Camas Logue lives in the Swinomish Indian Tribal Community in northwest Washington state, where he is apprenticing with his father-in-law, Swinomish elder and master carver Kevin Paul. Together they are working on community carving projects including pole carvings and show pieces. He has learned from elders in different tribal communities and traveled up and down the West Coast, studying different harvesting and weaving traditions. He has found that working with earth pigments and plant dyes affords him a closer relationship with his painting and allows him to interpret the landscape in new ways.
Logue’s multi-disciplinary work includes traditional weaving and carving, alongside his visual arts practice of oil painting, illustration, and printmaking. All of his work, whether oil, copperplate, woodblock, or illustration, is a reflection of his connection to place and his relationships with his ancestors. His labor-intensive techniques conjure the processes of geological time, eroding and revealing hidden layers within the work. Alongside his other practices, Logue also plays drums and guitar in the Indigenous queer band, Black Belt Eagle Scout, led by Katherine Paul, his wife.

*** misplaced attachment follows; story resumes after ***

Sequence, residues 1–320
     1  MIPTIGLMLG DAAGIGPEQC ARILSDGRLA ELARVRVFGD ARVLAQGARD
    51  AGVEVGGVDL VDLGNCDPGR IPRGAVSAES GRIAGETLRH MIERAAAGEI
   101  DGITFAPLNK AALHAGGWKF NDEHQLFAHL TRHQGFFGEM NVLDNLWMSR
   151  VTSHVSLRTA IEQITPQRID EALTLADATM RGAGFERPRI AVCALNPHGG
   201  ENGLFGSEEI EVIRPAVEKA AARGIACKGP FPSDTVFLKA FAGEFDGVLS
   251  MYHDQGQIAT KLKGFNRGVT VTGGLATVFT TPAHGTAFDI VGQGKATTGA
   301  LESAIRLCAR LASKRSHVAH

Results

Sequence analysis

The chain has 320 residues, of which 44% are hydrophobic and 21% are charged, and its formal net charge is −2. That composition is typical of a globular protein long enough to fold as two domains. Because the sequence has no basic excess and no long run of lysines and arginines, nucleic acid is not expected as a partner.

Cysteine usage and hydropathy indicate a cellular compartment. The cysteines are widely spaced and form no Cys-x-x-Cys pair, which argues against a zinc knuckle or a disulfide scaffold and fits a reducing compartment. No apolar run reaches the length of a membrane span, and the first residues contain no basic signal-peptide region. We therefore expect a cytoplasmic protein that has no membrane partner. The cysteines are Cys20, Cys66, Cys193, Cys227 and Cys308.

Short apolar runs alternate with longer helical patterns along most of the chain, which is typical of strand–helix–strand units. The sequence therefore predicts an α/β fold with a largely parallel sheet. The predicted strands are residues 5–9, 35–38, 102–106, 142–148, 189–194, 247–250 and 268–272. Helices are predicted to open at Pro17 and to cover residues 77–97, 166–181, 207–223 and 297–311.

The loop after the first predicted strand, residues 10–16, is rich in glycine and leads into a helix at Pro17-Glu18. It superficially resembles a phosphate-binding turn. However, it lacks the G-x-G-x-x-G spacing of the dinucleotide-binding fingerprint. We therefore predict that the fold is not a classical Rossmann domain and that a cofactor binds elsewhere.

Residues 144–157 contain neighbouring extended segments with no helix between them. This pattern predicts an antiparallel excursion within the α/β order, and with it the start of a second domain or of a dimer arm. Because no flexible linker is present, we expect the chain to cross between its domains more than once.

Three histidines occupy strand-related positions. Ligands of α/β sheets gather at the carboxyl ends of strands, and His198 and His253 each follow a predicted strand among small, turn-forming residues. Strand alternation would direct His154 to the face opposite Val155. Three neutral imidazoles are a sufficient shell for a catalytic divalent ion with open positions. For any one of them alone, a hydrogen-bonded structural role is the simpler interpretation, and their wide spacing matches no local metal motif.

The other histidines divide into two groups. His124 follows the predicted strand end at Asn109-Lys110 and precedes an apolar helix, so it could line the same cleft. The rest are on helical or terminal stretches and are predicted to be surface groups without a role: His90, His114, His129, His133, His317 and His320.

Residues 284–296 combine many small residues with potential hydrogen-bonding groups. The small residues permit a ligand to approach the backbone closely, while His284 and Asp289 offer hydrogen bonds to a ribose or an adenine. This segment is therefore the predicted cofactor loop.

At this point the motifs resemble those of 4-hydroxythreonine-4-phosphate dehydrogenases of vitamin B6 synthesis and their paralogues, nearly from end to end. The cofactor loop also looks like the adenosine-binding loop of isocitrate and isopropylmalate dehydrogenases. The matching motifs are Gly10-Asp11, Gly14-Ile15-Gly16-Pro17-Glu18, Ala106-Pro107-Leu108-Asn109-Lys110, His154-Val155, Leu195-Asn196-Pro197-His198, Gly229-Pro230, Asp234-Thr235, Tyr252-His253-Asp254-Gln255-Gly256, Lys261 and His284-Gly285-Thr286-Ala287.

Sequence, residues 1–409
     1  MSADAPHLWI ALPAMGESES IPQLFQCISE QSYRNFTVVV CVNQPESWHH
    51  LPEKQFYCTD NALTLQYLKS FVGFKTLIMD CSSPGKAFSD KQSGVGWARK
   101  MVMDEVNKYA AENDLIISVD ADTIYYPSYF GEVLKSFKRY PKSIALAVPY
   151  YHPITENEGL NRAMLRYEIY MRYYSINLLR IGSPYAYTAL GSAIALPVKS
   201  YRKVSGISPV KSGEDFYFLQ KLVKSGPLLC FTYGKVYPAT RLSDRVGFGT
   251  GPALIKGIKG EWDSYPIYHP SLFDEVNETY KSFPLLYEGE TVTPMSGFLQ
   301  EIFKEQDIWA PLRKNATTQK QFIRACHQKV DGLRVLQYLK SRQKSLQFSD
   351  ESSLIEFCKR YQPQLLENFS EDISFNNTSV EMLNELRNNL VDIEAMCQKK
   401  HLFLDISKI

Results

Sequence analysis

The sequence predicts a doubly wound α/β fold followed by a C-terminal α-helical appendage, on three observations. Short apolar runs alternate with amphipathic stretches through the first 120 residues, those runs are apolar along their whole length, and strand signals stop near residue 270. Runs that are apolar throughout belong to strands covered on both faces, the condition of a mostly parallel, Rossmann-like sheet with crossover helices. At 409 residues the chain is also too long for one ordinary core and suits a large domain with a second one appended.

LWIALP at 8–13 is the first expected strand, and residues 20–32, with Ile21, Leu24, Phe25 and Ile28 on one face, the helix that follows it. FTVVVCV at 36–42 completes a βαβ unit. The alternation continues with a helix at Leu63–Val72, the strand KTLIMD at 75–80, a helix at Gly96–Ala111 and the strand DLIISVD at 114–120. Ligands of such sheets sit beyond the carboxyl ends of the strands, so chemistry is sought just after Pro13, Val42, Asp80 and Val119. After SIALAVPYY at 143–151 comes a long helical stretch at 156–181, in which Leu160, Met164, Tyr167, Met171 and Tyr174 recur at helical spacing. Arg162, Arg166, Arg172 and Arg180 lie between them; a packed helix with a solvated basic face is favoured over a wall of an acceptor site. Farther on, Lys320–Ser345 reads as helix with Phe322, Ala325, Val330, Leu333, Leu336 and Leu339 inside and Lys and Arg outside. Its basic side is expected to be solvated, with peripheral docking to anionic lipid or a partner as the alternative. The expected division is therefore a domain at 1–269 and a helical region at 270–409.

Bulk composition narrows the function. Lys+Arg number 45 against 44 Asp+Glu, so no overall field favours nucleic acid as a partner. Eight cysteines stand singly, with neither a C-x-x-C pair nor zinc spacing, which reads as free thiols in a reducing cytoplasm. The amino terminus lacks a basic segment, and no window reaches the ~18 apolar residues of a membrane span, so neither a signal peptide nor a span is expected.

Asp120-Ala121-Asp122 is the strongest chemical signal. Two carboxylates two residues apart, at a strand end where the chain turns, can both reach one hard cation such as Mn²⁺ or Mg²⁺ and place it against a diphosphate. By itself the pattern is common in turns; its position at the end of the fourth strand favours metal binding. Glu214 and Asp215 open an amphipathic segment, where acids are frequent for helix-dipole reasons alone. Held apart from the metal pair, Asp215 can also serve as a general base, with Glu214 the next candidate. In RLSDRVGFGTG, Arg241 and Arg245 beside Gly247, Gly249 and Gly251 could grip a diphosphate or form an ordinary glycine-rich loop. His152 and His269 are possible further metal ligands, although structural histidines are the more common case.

For his LIFT project, Logue will create a series of paintings made with materials collected from his tribal homelands in southern Oregon. He will also create a display of pigments and dyes on archival paper, documenting their sources and their names in the Klamath language, addressing land loss and the dispossession of Klamath/Modoc people. The project will culminate with an exhibition of this new series of paintings at the Klamath administration building on his reservation.
When something is created with materials from a particular place, that creation reflects the place those materials come from.
—Camas Logue (Klamath Modoc Yahooskin)